On April 28, 1975, Dufresne called Fitzgerald and reported that he had recently talked to Brennan by phone and inferred from the conversation that the smuggling trip would take place within the next two or three weeks. Dufresne stated to Fitzgerald that this inference was based on Brennan's purchase of the plane and insurance for it in the amount of $95,000 at a time when he, Dufresne, had personal knowledge that Brennan was experiencing great difficulty in meeting the day-to-day living expenses of his family. When Dufresne asked Brennan about his expensive purchase, the latter had replied, "I am just doing my thing." Brennan had also requested that Dufresne try to locate a second-hand loran an overwater navigational device suitable for ship or aircraft
use. Brennan had said the loran was for "his brother's boat."
Fitzgerald confirmed that aircraft N569MA was hangared at the Melbourne Regional Airport. When he contacted the American Embassy in Colombia to investigate the November 1974 arrest of Brennan and Dufresne, he learned that three suspected smugglers, Richard H. Silkie, James King, and Richard Ferrara, had been jailed at the same time, but further investigation failed to establish any relationship between Brennan, Dufresne and the three or what charges had been made against Brennan and Dufresne. The El Paso Intelligence Center was notified to put the tail number of the aircraft into its computer which was used to collect and report possible smuggling-related flight activity.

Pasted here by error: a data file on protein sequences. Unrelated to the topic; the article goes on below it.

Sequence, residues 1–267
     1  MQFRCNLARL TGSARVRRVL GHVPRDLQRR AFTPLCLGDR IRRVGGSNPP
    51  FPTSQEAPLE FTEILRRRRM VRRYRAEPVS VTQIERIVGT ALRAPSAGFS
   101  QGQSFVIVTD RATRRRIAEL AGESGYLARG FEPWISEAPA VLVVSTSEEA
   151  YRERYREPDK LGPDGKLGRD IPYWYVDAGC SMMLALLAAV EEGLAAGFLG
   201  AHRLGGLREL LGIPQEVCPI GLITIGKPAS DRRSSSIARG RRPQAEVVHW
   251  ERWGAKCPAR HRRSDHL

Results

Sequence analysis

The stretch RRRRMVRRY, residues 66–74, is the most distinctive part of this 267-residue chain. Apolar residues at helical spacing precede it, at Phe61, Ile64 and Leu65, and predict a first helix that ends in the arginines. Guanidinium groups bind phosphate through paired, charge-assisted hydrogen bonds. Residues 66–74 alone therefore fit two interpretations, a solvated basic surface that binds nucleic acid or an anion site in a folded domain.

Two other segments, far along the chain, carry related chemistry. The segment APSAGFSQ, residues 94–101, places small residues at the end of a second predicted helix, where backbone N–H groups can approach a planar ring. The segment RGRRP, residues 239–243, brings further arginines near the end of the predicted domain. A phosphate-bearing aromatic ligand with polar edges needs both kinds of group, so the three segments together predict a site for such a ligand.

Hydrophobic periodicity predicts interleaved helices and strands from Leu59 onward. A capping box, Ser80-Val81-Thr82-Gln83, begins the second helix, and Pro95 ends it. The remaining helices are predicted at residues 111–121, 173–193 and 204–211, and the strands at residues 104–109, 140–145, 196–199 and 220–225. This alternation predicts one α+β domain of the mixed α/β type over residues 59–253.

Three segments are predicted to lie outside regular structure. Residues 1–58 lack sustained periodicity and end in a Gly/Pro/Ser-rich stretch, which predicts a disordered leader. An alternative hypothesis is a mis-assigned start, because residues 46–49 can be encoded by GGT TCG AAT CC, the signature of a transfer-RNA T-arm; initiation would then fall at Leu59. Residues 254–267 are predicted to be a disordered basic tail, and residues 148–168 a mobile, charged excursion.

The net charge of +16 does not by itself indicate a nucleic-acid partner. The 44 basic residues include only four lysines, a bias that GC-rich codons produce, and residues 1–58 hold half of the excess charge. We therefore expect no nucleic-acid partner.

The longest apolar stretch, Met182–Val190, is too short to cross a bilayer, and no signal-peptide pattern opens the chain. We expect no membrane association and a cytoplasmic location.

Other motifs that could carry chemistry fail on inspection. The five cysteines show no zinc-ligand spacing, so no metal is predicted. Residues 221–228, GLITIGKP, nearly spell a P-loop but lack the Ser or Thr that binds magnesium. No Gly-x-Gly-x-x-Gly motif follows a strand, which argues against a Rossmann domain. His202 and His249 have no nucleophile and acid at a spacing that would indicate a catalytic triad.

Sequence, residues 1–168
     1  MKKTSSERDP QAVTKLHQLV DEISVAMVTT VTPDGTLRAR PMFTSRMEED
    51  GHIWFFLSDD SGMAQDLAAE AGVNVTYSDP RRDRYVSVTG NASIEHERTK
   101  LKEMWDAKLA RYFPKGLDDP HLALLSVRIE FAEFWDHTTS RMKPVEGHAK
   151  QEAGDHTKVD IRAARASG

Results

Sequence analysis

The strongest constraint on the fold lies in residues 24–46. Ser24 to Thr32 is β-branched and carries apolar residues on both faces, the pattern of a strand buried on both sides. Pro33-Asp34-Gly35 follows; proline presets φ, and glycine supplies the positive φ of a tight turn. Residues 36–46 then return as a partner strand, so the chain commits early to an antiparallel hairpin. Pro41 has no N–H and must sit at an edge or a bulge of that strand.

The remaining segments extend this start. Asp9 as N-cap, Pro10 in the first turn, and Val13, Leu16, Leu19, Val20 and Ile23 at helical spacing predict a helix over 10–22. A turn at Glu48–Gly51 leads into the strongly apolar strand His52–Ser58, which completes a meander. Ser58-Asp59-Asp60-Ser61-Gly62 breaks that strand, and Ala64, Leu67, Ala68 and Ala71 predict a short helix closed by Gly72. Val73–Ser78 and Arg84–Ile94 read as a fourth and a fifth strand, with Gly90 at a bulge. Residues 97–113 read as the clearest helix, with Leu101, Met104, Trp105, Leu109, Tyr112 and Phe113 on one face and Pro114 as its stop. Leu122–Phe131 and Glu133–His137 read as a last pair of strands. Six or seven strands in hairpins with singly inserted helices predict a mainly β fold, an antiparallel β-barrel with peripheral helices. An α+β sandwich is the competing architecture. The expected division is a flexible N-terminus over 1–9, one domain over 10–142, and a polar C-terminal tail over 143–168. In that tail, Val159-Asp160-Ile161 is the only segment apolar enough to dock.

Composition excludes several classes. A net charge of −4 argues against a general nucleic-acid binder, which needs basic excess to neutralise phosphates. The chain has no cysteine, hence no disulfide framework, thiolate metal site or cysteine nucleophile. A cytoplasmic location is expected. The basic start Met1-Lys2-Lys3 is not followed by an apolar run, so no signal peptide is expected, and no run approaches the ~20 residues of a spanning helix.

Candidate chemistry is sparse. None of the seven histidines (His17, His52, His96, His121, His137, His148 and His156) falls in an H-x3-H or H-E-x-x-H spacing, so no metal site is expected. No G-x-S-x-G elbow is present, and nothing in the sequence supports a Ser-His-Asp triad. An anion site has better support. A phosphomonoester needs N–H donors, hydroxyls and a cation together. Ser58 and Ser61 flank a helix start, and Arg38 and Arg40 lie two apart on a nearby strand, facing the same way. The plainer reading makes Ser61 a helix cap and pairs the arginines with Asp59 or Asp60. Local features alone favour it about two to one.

On May 17, 1975, at approximately 11:00 a. m., Fitzgerald received word that the Beagle aircraft had taken off from Melbourne and was headed in a southwesterly direction. Alleged radar contact with the plane was lost when it entered the air traffic pattern over Miami. 1 Fitzgerald contacted Customs officers headquartered at Tampa, advised them of the Dufresne tips and the flight of N569MA, and requested assistance. An estimated 6 to 7 hours later, two Customs agents, Hays and Miller, were dispatched to the Melbourne airport; they arrived at 5:00 p. m. At approximately 1:30 a. m. on the morning of May 18, the Customs agents sighted a Beagle aircraft moving along the taxiway leading to the hangar normally occupied by the Brennan plane and identified it as N569MA. The plane taxied to the door of the hangar, at which time the agents drove their van to another location near the hangar. During this time, a white male later identified as Brennan exited the hangar and headed toward his nearby automobile. Upon encountering a Melbourne police officer, Brennan headed back toward the hangar, where he was detained by DEA agents. Agent Hays entered the hangar through its partially open door and approached the plane. Observing through the window of the airplane a number of tightly wrapped packages characteristically used to transport marijuana, he decided to conduct a full search of the plane, which disclosed 60 packages of marijuana totaling approximately 1600 pounds and one bundle containing 466 grams of hashish. Following this discovery, Brennan was arrested.